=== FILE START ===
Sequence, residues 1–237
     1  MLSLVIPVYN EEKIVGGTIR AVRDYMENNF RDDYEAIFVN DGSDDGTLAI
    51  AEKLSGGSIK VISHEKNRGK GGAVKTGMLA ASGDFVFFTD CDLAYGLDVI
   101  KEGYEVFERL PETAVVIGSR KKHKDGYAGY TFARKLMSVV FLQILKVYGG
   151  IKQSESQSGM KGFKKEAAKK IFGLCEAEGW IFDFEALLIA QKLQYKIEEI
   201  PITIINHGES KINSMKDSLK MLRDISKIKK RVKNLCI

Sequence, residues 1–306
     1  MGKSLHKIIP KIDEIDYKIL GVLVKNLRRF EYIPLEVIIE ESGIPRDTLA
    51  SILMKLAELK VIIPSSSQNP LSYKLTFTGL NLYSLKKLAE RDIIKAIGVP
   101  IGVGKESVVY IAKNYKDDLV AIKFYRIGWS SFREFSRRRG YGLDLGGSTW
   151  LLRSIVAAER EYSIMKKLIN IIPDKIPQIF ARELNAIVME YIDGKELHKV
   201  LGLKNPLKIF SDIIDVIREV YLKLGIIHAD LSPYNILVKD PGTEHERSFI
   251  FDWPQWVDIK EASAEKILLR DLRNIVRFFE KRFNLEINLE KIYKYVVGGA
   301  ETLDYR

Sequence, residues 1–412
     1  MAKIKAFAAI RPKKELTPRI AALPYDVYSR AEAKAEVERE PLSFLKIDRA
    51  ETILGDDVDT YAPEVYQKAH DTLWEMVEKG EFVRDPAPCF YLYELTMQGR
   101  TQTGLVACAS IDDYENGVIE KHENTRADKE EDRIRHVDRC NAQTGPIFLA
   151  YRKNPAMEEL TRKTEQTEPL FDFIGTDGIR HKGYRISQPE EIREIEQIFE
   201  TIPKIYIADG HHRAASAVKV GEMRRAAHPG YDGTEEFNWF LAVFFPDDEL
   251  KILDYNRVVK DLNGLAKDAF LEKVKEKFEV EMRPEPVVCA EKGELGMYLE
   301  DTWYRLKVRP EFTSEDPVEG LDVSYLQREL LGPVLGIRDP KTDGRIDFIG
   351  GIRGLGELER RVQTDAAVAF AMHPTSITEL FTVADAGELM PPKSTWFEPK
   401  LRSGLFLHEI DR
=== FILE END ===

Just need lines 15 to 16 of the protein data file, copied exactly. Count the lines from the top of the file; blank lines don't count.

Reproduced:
Sequence, residues 1–412
     1  MAKIKAFAAI RPKKELTPRI AALPYDVYSR AEAKAEVERE PLSFLKIDRA